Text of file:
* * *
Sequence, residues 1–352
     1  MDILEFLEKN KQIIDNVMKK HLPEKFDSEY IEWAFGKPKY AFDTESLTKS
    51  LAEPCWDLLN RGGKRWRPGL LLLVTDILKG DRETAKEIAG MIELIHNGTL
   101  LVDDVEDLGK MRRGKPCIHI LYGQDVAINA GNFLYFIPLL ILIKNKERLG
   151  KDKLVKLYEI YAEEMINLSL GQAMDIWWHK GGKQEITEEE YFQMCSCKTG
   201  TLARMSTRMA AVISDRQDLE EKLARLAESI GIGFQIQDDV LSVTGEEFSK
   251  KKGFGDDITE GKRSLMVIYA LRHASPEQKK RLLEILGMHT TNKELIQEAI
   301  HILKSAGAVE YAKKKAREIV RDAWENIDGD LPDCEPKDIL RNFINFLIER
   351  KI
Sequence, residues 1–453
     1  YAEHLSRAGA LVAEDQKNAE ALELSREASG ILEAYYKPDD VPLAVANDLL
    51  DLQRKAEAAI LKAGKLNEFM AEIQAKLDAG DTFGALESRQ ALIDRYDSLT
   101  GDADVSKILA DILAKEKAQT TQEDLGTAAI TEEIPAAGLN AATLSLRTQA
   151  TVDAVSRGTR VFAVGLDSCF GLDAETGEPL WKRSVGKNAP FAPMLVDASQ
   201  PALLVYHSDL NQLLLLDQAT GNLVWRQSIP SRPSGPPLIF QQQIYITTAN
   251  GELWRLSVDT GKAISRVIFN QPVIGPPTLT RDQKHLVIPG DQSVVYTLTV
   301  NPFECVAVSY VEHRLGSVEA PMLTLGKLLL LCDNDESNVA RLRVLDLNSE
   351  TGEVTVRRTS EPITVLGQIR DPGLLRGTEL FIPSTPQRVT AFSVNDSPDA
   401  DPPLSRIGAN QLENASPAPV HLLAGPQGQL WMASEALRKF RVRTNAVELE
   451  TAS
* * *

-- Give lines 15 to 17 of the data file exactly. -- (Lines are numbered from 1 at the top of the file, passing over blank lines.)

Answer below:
   201  PALLVYHSDL NQLLLLDQAT GNLVWRQSIP SRPSGPPLIF QQQIYITTAN
   251  GELWRLSVDT GKAISRVIFN QPVIGPPTLT RDQKHLVIPG DQSVVYTLTV
   301  NPFECVAVSY VEHRLGSVEA PMLTLGKLLL LCDNDESNVA RLRVLDLNSE